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CAHOKIA: NORTH AMERICA'S FIRST CITY

12.01.2018
The pre-Columbian settlement at Cahokia was the largest city in North America north of Mexico, with as many as 20,000 people living there at its peak.
Credit: Painting by Lloyd K. Townsend. Courtesy of the Cahokia Mounds State Historic Site, Illinois.

Cahokia was a city that, at its peak from A.D. 1050-1200, was larger than many European cities, including London.

The city was spread out over six square miles (16 square kilometers) and encompassed at least 120 mounds and a population between 10,000 and 20,000 people. 

Located across the Mississippi River from modern-day St. Louis, it was the largest pre-Columbian city north of Mexico. The inhabitants of Cahokia did not use a writing system, and researchers today rely heavily on archaeology to interpret it. The name "Cahokia" is from an aboriginal people who lived in the area during the 17th century. 

Cultural finds from the city include evidence of a popular game called "Chunkey" and a caffeine loaded drink. Artistic finds include stone tablets carved with images (such as a birdman) as well as evidence of sophisticated copper working, including jewelry and headdresses.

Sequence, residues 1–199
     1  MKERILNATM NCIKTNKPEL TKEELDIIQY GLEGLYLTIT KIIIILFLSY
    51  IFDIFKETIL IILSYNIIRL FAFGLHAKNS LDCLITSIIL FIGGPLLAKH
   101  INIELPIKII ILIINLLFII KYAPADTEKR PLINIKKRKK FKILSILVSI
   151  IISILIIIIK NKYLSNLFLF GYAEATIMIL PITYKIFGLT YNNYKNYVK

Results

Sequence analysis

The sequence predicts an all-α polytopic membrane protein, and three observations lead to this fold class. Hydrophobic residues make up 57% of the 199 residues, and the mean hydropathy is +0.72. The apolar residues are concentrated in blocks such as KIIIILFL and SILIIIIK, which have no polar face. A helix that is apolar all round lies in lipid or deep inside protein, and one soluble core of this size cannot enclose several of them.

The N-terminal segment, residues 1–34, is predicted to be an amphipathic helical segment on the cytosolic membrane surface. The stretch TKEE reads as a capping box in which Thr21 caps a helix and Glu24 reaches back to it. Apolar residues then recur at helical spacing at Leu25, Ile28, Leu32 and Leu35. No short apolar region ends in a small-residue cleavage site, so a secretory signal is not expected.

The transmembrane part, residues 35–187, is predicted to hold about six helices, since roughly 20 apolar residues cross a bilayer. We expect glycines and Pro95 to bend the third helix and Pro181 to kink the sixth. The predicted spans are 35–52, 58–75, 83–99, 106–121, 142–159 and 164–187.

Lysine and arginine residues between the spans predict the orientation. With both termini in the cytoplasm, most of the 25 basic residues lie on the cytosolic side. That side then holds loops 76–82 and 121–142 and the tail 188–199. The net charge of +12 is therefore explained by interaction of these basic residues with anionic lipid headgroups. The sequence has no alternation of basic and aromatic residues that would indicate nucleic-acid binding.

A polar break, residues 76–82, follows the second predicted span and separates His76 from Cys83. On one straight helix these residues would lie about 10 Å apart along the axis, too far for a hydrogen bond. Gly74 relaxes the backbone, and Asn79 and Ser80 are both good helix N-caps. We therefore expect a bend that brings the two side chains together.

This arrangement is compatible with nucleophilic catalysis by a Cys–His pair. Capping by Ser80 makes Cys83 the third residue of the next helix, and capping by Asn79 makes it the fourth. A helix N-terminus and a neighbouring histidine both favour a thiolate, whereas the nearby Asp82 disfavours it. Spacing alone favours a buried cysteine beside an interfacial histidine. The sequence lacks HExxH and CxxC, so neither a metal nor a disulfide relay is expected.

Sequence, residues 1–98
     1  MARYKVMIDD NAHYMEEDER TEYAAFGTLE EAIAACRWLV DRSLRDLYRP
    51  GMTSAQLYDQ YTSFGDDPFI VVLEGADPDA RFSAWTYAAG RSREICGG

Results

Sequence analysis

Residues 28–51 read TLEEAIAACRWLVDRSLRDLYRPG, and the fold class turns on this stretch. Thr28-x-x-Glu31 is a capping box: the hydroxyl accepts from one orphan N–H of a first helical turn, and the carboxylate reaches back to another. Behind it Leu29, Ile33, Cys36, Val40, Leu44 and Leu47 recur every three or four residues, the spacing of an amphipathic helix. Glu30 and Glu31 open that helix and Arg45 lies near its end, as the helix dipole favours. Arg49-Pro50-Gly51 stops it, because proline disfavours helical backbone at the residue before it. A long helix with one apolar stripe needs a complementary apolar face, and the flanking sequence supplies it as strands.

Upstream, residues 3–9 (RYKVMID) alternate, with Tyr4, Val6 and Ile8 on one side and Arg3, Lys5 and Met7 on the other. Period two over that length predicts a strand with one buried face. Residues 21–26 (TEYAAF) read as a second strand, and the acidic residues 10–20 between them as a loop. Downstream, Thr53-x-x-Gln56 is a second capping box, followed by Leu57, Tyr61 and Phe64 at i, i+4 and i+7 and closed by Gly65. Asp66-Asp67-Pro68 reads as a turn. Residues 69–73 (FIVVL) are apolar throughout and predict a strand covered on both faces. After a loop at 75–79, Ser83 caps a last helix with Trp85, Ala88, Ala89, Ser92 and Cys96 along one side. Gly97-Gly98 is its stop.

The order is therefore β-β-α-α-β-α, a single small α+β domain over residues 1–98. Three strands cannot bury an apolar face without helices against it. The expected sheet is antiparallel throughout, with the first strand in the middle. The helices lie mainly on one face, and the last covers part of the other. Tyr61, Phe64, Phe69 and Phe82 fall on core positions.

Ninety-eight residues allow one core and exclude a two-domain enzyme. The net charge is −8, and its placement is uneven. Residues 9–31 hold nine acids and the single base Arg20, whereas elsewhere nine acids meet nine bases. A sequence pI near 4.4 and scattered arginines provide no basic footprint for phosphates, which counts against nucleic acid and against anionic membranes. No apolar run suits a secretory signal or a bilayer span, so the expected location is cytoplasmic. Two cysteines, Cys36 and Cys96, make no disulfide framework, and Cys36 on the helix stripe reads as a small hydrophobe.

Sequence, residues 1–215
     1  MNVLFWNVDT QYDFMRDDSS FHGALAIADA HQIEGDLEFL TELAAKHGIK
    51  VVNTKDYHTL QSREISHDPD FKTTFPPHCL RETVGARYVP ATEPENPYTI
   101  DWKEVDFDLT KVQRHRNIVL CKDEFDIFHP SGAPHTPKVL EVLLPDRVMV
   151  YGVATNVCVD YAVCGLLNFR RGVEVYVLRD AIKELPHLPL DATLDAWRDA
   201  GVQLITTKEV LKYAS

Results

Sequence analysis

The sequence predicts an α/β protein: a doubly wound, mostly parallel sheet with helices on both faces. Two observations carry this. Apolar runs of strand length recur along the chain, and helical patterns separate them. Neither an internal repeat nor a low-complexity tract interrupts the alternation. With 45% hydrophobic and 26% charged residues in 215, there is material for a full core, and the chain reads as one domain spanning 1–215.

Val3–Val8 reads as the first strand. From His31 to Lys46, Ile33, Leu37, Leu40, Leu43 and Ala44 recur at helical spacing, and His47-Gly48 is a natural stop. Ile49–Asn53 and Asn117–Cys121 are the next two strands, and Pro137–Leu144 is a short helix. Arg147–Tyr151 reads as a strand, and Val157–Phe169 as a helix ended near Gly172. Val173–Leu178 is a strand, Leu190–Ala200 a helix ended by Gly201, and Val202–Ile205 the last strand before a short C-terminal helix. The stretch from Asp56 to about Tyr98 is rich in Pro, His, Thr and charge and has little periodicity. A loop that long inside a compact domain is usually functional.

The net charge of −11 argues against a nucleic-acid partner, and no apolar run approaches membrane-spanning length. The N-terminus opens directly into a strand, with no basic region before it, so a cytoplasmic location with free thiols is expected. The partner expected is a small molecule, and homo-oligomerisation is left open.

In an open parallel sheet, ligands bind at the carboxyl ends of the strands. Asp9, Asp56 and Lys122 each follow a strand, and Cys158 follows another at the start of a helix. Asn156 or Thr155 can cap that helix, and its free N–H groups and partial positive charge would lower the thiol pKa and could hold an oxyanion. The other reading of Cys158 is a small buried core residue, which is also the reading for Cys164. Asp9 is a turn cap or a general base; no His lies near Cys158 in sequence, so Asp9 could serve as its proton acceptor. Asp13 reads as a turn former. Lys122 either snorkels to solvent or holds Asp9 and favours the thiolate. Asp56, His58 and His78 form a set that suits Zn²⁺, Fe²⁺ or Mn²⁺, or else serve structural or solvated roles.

Recent research shows that many of the people who lived at Cahokia were immigrants who came from across the Midwest, possibly traveling from as far away as the Great Lakes and Gulf Coast, a study of their teeth shows. To the south of Cahokia a settlement that archaeologists call Washausen became abandoned around the time Cahokia was at its peak around A.D. 1100, a study published recently in the Journal of Archaeological Science Reports found. It's possible that some of the residents at Washausen, and other sites located near it, moved to Cahokia. 

The city's growth may have been aided by warmer temperatures. At the time Cahokia flourished, temperatures across the Earth were unusually warm, resulting in increased rainfall in the American Midwest, wrote archaeologists Timothy Pauketat and Susan Alt in a paper published in the book "Medieval Mississippians: The Cahokian World" (School for Advanced Research Press, 2015). "An increase in average yearly precipitation accompanied the warmer weather, permitting maize farming to thrive," Pauketat and Alt wrote.